SB0796/HB0591, or the “Freedom from Unwanted Surveillance Act,” has passed both the Senate and the House, but it is going back to the Senate Monday because of an overly vague and dangerous amendment added to the bill in the House. That amendment should be rejected and the bill passed in its previous form. (read on for details and action items)
Why is Amendment HA0452 Dangerous?
The House added amendment HA0452 to SB0796/HB0591 which adds a vague provision to the drone bill to allow the use of drones “To protect life and property during crowd monitoring situations.” Of course the amendment does nothing to define what should be considered a “crowd monitoring situation” which opens the bill up to vast misuse. So hypothetically state and local law enforcement could call anything they want “crowd monitoring” and use a drone.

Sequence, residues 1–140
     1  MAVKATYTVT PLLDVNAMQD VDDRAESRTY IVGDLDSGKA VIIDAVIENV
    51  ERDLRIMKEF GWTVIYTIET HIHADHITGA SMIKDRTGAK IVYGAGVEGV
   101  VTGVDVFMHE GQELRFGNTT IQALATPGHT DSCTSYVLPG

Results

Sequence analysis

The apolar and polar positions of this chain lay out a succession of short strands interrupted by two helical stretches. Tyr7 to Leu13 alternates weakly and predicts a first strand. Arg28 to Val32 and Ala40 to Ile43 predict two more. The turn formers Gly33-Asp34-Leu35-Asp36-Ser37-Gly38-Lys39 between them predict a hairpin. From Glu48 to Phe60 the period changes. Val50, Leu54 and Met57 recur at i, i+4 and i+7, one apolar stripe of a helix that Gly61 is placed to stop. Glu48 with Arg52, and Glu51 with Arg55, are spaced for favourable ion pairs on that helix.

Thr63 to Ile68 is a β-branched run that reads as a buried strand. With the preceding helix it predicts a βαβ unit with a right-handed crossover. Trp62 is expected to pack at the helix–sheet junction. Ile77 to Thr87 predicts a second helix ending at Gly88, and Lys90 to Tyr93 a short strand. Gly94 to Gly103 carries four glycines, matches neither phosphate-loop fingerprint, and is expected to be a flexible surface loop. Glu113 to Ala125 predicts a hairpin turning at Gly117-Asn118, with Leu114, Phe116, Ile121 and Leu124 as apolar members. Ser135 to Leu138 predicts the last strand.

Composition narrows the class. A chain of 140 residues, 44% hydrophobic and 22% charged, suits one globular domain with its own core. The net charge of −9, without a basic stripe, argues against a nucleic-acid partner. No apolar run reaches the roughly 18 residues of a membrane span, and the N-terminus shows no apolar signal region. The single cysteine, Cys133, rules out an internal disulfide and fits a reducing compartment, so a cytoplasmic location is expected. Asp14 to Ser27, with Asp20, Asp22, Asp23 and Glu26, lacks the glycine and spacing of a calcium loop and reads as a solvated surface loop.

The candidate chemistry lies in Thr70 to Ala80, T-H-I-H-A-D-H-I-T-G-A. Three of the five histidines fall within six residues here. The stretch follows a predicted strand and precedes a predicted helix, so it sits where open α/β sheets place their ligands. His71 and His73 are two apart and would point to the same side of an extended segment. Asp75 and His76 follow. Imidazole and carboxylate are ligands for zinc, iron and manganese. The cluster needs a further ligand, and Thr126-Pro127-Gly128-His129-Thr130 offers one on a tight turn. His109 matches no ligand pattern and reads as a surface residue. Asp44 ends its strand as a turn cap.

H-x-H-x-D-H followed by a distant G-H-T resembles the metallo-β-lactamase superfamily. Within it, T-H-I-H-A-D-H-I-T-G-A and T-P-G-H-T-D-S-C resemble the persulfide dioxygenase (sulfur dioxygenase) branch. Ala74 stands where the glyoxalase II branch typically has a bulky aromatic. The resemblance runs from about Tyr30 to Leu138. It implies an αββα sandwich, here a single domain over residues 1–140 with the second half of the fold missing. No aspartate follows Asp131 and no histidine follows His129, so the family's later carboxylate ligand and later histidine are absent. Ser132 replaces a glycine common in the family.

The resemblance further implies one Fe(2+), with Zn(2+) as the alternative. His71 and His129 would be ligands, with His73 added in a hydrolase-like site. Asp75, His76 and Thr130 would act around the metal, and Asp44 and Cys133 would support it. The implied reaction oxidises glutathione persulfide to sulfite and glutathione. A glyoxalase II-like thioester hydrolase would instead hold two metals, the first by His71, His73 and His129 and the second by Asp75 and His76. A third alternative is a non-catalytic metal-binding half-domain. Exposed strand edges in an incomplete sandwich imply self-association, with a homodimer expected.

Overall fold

Article 1 Section 7 of the Tennessee constitution doesn’t end with “well, unless you’re amongst a crowd.”
“That the people shall be secure in their persons, houses, papers and possessions, from unreasonable searches and seizures; and that general warrants, whereby an officer may be commanded to search suspected places, without evidence of the fact committed, or to seize any person or persons not named, whose offences are not particularly described and supported by evidence, are dangerous to liberty and ought not to be granted.”
The Importance of the Freedom from Unwanted Surveillance Act
This drone bill is very important because there has been a great deal of concern in this country over the use of drones to spy on American citizens on U.S. soil with no warrant or other probable cause. The “Freedom from Unwarranted Surveillance Act” will address this issue. It will require any use of drone technology in the state of Tennessee to do one of the following:Details